Blogs | The Gouda Life
Goedemiddag! It has been a month of settling down and getting used to my new surroundings. I am going through the ‘oh-shit-this-is-actually-
Proof that I am or soon to be a true Dutch gal:
1) I can remember and spell the main street names and places of Utrecht. This is not a simple task, try memorising ‘Oudergracht Weerdzijde’ and ‘Minrebroederstraat’. I also know where to find the widest variety of beer, the famous coffee shops, the cool jams and the sweetest pancakes.
2) I have joined a gym in town where the classes are all in Dutch. Queue me copyingeverything the teacher does because I don’t always quite understand what’s going on. On one memorable occasion she started jumping up and down speaking the Dutch lingo. Naturally I copied her but looked like a complete penis as it wasn’t meant to be an exercise but just her portraying her excitement about giving a gym class.
3) I have opened a bank account with the help of a man who looks suspiciously like Geppetto from Pinocchio. There was much confusion on his part about me having a Dutch passport and not being able to speak Dutch. Sorry Geppetto, blame it on my Papa. Opening an account in the Netherlands is somewhat essential because shops, bars, supermarkets, THE WHOLE FREAKING COUNTRY, don’t take Visa but only Maestro. For this I went through a gruelling process, some might even say that the bank became my second home.
4) I have fallen off my bike. It wasn’t a casual fall either, it was scandalous. To the point where a man opened the window of his home and asked if I was alright. I was under the naive impression that pavement curbs were only a hazard when attempting to parallel park a car but they are in fact vicious all round. My ego has only remained unscathed because I’ve witnessed other über cool people fall. Conclusion: it happens to the best of us.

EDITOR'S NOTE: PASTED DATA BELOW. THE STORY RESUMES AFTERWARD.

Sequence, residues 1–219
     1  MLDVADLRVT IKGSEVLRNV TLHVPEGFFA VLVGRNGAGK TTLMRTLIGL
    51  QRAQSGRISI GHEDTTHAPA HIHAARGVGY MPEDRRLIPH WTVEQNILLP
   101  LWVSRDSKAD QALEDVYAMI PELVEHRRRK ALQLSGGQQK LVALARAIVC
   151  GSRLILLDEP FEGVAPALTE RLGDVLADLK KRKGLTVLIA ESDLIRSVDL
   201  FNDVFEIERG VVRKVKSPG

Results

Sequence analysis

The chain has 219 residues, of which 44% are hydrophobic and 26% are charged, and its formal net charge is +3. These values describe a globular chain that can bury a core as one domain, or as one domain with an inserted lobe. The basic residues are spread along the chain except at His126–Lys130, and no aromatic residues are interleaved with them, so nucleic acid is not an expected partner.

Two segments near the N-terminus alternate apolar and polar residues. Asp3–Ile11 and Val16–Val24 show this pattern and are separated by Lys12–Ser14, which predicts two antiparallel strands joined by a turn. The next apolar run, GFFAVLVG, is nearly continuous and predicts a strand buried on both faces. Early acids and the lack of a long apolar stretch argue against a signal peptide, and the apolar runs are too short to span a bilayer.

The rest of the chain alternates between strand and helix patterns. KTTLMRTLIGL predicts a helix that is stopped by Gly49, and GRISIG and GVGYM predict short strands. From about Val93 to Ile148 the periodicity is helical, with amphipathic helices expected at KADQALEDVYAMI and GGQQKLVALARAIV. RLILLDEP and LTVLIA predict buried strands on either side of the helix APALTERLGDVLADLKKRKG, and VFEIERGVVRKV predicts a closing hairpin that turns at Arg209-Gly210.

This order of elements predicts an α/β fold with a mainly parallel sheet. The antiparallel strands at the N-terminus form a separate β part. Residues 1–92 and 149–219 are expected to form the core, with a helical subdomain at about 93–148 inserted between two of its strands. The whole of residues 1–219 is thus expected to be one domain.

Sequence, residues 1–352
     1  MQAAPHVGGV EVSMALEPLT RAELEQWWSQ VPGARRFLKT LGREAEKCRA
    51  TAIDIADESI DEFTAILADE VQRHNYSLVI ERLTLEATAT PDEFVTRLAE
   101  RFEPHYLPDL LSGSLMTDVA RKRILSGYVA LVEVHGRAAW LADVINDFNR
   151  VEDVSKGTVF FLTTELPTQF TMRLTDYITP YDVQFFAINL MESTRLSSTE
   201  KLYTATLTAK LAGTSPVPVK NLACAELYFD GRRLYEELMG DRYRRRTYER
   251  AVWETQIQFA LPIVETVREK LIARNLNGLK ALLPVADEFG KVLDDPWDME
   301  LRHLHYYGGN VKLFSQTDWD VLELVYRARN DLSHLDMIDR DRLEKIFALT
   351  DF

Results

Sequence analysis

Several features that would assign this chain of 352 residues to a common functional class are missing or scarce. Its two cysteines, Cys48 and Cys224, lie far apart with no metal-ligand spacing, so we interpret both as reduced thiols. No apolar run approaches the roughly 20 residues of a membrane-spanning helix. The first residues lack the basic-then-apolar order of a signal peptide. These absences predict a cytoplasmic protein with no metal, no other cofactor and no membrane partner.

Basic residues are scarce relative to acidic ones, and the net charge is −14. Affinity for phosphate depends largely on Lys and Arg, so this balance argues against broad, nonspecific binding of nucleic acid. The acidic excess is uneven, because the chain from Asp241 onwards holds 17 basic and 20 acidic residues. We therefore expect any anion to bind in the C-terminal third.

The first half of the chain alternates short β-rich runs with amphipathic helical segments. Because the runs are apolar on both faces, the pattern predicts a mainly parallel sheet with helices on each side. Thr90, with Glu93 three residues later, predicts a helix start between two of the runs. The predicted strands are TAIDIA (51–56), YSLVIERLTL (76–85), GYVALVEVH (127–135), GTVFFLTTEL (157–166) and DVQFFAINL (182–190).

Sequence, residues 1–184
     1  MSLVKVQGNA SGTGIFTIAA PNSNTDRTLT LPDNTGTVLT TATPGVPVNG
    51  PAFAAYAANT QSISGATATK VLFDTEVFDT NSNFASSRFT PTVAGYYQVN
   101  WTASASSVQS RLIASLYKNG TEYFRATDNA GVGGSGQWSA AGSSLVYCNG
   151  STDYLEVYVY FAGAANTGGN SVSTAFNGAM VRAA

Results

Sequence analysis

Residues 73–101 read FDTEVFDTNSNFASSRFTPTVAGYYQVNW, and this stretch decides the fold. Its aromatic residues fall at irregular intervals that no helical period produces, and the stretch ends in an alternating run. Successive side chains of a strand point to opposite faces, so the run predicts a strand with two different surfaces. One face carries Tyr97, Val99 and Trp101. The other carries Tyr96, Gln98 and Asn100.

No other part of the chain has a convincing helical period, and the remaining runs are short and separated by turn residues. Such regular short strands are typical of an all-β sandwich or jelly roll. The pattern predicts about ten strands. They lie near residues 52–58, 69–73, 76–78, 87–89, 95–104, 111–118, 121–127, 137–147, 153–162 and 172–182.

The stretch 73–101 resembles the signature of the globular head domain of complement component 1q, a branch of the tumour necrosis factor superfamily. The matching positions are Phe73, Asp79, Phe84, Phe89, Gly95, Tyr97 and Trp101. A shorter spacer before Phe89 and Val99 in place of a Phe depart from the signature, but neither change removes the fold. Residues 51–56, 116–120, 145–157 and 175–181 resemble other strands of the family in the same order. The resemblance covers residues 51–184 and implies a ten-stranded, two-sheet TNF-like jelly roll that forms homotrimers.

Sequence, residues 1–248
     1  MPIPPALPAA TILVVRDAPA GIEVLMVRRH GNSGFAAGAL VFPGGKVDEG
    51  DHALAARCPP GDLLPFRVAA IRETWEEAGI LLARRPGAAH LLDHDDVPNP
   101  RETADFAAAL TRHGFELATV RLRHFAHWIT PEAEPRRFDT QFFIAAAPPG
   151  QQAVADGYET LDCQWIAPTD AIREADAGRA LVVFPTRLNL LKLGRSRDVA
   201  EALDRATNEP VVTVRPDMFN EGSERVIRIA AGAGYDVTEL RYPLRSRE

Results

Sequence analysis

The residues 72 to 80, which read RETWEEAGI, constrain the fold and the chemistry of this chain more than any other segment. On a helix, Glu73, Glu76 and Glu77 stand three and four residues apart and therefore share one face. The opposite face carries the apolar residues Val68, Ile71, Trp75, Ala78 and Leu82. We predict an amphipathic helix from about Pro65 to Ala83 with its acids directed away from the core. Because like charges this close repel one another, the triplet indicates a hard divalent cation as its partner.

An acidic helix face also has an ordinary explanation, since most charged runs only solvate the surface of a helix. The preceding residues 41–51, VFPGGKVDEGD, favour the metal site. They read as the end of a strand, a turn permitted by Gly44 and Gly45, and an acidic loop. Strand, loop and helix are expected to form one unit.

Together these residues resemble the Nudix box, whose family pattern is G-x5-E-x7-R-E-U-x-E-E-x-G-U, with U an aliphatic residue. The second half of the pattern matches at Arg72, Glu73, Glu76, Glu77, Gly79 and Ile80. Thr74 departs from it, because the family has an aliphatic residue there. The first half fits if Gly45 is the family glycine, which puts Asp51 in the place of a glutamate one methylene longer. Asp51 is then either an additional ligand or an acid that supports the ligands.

As previously mentioned in last month’s post, I have found the Dutch peeps to be a little hard to decipher. They are kind and helpful people but the closer you think you are getting to being their friend the further you actually are. Sometimes I picture myself as a small woodpecker pecking away at a tree (ie. the typical Dutchman) and reaching a very tough bit of the tree that can no longer be pecked through.
Being a ‘Nederlander’ myself, I am becoming increasingly determined to be accepted into the Dutch community. Don’t get me wrong, I’ve made some great friends here from all over the place but I can’t help feel a little envious when I cycle past bars and cafés overflowing with blond people having some terrific banter. There are a couple of obstacles I must peck my way through before being a step closer to joining these nights of laughter and beer with the locals:
Obstacle n°1: Even if you attempt to speak Dutch with them they will eventually switch to English. However, if you do speak English they will ask you “how come you do not speak Dutch?” Breaking this cycle without causing offence requires the diplomatic skills of a UN negotiator. I’ve been told you need to reply that you are learning but finding it hard which will then give them a sense of superiority.
Obstacle n°2: The Netherlands is a small country which makes traveling around it quick and easy. The Dutch know they are never far from one another and thus reconvene most weekends either in their hometown or in the city where one of them is studying. This means that they seldom experience the alarming thought that they’ll end up all by their lonesome if they don’t make the effort to kindle new friendships. This all boils down to them not really needing to form new bonds with random foreigners claiming to be half Dutch, making me the goddam woodpecker once again.
So there you have it, the two main obstacles I have encountered so far. But I am not giving up folks, by Spring I’ll be writing a blog post on how I made my way into the Dutch bosom like a slippery snake.